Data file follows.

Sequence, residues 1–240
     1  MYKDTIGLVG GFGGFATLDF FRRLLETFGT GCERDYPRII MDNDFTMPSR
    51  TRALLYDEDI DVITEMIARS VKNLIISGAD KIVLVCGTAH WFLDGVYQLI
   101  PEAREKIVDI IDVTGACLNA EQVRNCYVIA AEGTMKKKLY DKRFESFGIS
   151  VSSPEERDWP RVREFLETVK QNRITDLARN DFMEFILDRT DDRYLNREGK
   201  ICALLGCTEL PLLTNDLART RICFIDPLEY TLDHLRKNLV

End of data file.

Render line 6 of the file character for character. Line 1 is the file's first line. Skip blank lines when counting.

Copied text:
   201  ICALLGCTEL PLLTNDLART RICFIDPLEY TLDHLRKNLV